Passing through Phnom Penh

With my airport pickup not showing up despite several email reconfirmations, it spelled out how things work in Cambodia. While I usually try not arrive in a new place after dark, there are very limited connections to Phnom Penh from Sydney. Arriving half-dead on the back of a tuk-tuk at midnight is a sight probably very familiar to the guys at the guesthouse because no eye-lids were batted and a mere shrug to ‘why the pickup hadn’t turned up’.

Sounds of temple chants, motos and cart-pushers woke me up the next morning. Phnom Penh was just going to be a stopover for a visa before I headed to Angkor Wat. The lovely lady at the consulate said she could process my application in 2 days (rather than 4) so I figured I might as well hang around and see what Phnom Penh was all about.

First impressions; it’s dirty, dusty, gritty. A walk along the Sisowath Quay is all glam and glitter because of the Royal Palace close-by but walk a few streets into the city and it’s not. Because of the embassy, I stayed a bit out of the tourist center which is always nice because you get to see how locals do. Saying that and I must blame this on the jet-lag, that evening I walked into a restaurant that to my wise traveler eyes looked liked a local food joint and it’s embarrassing to write that it was only after I had placed my order that I noticed that I was the only female patron eating there. All the other females were working. Working. Yeah. The head maître d’ who could speak English and had initially told me to call her for anything, asked ‘why cahncel order. You no laaakhe?‘ No. I don’t like! I scuttled out of there like my tail was on fire and went back to the safety of my guesthouse and I ate dinner there for rest of my time in Phnom Penh.

Royal Palace from a inside a cafe on Sisowath Quay.
Royal Palace from a inside a cafe on Sisowath Quay.

However I did lunches. With lots of beer. At $0.50 a can/draught, why not! But that’s where cheap stops because despite their own currency, USD is the accepted exchange so to my poor converted Fijian paisa, Cambodia is not so cheap after all.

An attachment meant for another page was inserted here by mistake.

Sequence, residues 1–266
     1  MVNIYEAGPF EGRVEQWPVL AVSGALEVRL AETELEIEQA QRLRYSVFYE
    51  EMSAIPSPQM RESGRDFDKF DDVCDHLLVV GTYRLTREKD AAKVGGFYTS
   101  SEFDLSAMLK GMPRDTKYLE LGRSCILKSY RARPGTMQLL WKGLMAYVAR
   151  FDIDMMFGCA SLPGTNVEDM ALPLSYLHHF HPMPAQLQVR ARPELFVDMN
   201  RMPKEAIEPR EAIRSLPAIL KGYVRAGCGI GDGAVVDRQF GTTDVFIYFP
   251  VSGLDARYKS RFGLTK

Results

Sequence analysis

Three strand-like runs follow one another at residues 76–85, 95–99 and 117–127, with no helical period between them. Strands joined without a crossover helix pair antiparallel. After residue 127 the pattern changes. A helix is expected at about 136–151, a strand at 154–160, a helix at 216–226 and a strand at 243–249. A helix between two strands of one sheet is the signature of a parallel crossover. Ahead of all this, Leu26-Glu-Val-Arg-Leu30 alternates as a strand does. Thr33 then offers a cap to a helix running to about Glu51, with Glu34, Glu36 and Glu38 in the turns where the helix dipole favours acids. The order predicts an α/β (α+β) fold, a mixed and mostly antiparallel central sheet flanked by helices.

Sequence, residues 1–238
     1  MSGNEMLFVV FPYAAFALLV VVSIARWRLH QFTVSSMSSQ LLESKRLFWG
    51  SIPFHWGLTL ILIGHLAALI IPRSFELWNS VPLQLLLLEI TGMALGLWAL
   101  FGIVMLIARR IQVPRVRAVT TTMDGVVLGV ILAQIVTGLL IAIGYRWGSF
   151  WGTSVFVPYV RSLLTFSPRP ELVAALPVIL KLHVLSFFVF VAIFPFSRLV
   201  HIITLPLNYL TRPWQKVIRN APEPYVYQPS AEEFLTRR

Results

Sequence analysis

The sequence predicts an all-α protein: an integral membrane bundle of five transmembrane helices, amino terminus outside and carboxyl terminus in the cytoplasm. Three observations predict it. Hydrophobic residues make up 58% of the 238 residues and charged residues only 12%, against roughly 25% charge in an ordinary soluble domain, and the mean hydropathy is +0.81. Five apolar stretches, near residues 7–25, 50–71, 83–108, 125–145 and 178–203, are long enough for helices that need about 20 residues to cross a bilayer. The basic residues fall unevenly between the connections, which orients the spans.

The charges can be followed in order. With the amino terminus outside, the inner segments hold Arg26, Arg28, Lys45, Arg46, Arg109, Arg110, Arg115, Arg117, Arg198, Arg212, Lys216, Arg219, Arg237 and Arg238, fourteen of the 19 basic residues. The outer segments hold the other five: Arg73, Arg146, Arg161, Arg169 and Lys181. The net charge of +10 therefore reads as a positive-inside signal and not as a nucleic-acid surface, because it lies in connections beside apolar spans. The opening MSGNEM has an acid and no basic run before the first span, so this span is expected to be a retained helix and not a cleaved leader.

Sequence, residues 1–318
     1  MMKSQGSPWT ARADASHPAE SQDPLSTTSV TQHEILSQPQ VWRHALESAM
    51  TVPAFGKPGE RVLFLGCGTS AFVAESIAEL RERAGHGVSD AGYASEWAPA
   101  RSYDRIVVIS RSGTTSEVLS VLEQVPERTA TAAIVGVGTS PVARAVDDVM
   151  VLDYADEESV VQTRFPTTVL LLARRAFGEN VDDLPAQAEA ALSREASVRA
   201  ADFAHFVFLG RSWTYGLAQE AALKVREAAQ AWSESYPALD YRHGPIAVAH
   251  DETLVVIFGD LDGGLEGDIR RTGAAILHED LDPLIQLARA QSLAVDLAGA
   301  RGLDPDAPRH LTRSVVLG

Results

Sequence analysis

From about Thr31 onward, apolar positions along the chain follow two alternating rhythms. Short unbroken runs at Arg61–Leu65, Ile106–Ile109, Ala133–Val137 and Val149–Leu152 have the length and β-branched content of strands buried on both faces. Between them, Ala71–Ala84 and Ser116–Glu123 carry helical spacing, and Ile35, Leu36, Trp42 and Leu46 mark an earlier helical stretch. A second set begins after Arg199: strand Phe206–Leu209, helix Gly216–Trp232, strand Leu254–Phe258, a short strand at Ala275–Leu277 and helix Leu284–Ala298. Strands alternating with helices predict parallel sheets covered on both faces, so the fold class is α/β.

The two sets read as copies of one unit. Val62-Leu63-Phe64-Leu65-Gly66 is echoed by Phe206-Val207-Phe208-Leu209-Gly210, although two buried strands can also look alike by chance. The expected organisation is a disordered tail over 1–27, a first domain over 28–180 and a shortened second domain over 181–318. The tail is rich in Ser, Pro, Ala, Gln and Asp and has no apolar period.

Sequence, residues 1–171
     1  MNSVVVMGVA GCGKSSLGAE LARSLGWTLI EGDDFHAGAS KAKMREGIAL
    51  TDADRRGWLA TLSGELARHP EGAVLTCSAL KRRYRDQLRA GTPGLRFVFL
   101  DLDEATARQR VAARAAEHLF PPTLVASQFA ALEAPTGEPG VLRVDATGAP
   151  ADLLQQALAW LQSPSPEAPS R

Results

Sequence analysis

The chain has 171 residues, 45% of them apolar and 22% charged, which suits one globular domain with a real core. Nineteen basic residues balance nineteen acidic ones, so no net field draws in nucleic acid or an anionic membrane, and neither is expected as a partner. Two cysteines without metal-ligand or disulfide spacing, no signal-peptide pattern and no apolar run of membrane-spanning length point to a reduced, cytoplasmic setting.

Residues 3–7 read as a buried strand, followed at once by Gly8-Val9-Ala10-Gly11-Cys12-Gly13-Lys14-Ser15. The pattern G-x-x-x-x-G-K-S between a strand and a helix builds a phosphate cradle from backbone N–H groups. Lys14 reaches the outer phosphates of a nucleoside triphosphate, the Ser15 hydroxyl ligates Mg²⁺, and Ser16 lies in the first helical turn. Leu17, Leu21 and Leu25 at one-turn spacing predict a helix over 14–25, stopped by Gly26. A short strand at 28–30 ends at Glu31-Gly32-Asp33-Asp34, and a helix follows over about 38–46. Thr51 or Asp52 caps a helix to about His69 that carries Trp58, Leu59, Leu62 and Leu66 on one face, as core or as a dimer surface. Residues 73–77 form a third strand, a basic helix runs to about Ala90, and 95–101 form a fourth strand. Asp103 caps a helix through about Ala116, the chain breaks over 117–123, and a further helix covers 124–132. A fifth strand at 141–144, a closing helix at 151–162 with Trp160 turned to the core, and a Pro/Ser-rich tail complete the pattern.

cambodia foods
From left: Snakes on sticks, Skinned Frogs, Fried Roaches, Salt & Chill Snails

Weird food. Things that get yewwed at home make it to the top of menus here in Cambodia. Stuffed intestines, skinned frogs, boiled duck fetus, diced rats….and then the usual Southeast Asian fried snacks of roaches, crickets and tarantulas!

The National Museum of Cambodia

National Museum, Phnom Penh
National Museum, Phnom Penh

I…like museums. Before Buddhism spread in Cambodia, there were strong Indian influences and worship to Ganesh, Vishnu and Shiva was common. The museum has beautiful preserved cravings of these deities in the Khmer form on display. Stone works depicting stories of the Mahabharata is amazing. Unfortunately photos were not allowed inside.

Tuol Sleng Genocide Museum

S-21. Barbed wires for preventing prisoners from committing suicide from jumping.
S-21. Barbed wires for preventing prisoners from committing suicide from jumping.

Read about it here <click on link>. With my backpack and Lonely Planet, I kind of waltzed into the school complex now turned into a museum without really thinking about where I was going. This is no tourist attraction to look and wow at. That almost 20,000 people were killed here and not so long ago is beyond my writing capacity. I recall when my arm brushed against the wall in one of the classrooms, I reflexly wiped it off. It just felt that the walls were still splattered with blood of the tortured. Known as S-21, the prison officers kept meticulous records of people that went through the place. Rows and rows of victims’ mug shots stare hauntingly back at you in lower levels of the buildings. Back in my room going through the photos, I see an eery reflection of me staring back with the photos….



I cancelled my trip to the Killing Fields the next day, I couldn’t do it. (post coming up)

Daughters of Cambodia

Daughters of Cambodia is an organization that reaches out to victims of human trafficking and gives them a chance to learn a skill. They are based in Phnom Penh and have a beautiful cafe and shop selling products hand-made by the children which goes back to support them. I sat there eating a chocolate brownie and coke (because that’s what I felt like, acha) and trying not to stare at the young girls working there. What are we doing to our children?

Sugar and Spice cafe - Daughters of Cambodia
Sugar and Spice cafe – Daughters of Cambodia

With that I couldn’t wait to get out of Phnom Penh. For what was supposed to be an easy, light few days became too conscious. I got into Cambodia all ready to rock it out and do the Angkor Wat circuit but not all here is what meets the eye.

I picked up my passport and caught the night bus to Siem Reap.

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